During the last year I have been reading up on Car Seat Information. I even briefly considered taking the course to become a Certified Car Seat Safety Technician, but the class fell on a week when I was 36 weeks pregnant and one of my babies was starting kindergarten… I just couldn’t miss that! Since I am not certified or really the one to ask about these issues here is the first part of my interview with Maryanne, a CPST.
How did you become interested in Car Seat Safety?
Maryanne: Thanks to some online parenting forums, I found out that you could find technicians to check your seats for you. When Mila was about 3 months old, I went to get our seat checked at our local police station. I made some very common errors that the technician corrected. Her next appointment never arrived, so she and I spent over an hour chatting about car safety, crash dynamics, car seat, etc. I found the whole subject fascinating and she told me that I should look into taking a technician course myself.
What is a CPST?
Maryanne: CPST = Child Passenger Safety Technician. Technicians take a 4-5 day course that includes 1 hands-on seat belt identification exam, 1 hands-on car seat installation exam, and 1 written exam. The course is a mix of classroom time and time spent in cars with car seats. We learn about child restraint laws, crash dynamics, physics, types of seats, types of seat belts, special needs, and how to work with the public. The course end in a seat check where the technicians work with the public. You can only be a CPST if you pass all the exams and participate in the seat check. Every 2 years, you must re-certify. Re-certification includes participating in seat checks or public education events, attaining continuing education credits so you remain up-to-date, and you must perform 5 different types of installations and have them reviewed by an Instructor. Certification is key because it ensures that all techs are staying current on best practices and all techs have been thoroughly trained to the same standards.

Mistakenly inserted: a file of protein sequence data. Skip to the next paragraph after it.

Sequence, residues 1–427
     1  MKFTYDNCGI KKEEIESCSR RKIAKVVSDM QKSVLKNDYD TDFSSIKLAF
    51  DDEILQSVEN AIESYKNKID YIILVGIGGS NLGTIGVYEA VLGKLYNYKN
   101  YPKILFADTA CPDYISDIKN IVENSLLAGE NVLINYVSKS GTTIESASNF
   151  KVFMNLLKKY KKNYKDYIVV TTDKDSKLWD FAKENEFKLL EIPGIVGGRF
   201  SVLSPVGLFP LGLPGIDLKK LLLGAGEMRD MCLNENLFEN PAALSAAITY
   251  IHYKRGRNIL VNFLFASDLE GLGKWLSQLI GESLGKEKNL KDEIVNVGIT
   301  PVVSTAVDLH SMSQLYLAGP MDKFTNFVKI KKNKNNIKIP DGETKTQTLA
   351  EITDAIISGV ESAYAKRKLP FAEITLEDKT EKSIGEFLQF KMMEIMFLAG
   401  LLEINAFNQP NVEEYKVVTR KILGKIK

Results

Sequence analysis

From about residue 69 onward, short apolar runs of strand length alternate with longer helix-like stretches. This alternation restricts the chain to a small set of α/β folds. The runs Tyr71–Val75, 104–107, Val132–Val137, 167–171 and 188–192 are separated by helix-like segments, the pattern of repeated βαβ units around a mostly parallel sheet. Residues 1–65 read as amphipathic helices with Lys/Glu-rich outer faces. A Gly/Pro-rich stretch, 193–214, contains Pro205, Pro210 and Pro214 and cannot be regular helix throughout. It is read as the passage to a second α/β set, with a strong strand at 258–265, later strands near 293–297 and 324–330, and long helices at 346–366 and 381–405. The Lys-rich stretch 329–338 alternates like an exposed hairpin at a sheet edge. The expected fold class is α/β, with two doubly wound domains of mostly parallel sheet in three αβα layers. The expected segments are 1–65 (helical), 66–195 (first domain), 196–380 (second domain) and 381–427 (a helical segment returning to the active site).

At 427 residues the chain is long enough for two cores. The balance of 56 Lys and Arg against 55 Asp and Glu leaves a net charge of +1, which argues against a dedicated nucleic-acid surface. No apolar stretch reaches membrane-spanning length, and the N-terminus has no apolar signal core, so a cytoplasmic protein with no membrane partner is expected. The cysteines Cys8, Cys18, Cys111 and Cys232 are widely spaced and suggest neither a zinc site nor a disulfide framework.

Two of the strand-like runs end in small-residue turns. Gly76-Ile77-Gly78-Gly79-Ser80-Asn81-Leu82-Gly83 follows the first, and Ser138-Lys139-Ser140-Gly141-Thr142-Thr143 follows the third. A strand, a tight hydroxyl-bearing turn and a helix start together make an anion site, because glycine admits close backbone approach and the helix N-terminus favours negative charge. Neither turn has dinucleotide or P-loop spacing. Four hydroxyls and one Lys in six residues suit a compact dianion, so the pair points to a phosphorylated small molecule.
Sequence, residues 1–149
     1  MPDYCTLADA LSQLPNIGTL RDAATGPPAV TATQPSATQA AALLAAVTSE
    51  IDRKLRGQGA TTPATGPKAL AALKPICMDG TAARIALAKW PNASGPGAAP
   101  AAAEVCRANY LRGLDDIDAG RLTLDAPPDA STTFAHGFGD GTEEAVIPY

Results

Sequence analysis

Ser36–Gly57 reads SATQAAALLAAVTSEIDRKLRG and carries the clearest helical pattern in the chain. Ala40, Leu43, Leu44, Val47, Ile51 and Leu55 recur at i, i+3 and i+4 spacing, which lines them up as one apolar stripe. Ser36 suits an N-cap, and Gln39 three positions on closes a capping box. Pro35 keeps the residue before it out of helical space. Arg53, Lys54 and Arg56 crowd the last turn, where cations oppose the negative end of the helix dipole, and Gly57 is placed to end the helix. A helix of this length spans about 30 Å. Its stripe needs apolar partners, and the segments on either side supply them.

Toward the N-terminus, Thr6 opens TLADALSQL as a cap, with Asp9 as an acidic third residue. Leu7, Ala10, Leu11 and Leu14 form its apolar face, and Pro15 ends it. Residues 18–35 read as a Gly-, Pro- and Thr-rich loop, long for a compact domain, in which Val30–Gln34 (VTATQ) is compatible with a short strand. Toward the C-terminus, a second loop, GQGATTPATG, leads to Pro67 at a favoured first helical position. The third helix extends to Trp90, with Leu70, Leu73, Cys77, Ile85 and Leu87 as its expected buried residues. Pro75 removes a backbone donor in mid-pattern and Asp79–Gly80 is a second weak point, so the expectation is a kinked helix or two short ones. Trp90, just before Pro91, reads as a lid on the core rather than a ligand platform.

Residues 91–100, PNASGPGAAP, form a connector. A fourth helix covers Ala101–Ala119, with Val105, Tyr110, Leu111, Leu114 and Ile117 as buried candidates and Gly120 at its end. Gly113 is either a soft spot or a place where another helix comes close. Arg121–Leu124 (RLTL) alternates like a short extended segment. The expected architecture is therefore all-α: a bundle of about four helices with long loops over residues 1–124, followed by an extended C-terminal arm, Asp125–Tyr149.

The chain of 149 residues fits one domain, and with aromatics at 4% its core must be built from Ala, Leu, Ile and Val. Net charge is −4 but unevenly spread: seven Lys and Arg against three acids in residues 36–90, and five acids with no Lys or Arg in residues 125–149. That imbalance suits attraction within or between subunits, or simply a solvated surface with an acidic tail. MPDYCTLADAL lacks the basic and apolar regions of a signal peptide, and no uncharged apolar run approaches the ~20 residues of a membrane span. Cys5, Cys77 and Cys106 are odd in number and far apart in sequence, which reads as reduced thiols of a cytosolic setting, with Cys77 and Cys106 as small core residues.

What do you do as a CPST?
Maryanne: Technicians spend time at seat checks where they inspect car seats, educate parents, and teach the parent how to install their seats properly. We also participate in public safety events where we hand out educational materials, speak to parents, and do demonstrations.
What are some common mistakes that you see when you check car seats?
- Facing forward too soon
- Boosters being used too soon
- Using LATCH for center positions when LATCH is not allowed in the center for that vehicle
- Loose straps
- Aftermarket accessories
- Twisted straps (vehicle seat belts, latch straps, and harness straps)
- Using the wrong belt path or not switching the LATCH straps (seats have different belt/LATCH paths for RF and FF)
- Chest clips too low
- Using seats that are outgrown
- Seat belt installs where the seat belt is NOT locked
- Not using top tethers
- Using both LATCH and seat belt
- Not replacing a seat after a crash
- Expired seats
- Thick coats
- Usage of seats that are recalled
- Children (12 and under) sitting in the front seat
- Not reading the carseat manual
- Not reading the vehicle manual
- Straps not in the right position (above or below shoulders)
How can people find a CPST to check their car seats?
Maryanne: The fastest way is to look online at National Standardized Child Passenger Safety Training Program.
Anything else you would like to add:
Maryanne: Car safety is so important because vehicular crashes are the leading cause of death for those age 34 and under. Our children are particularly vulnerable because of their small size. Very simple changes in the way that parents use their car seats can literally save their child’s life in a crash. It is always worth it to take the time to see a technician.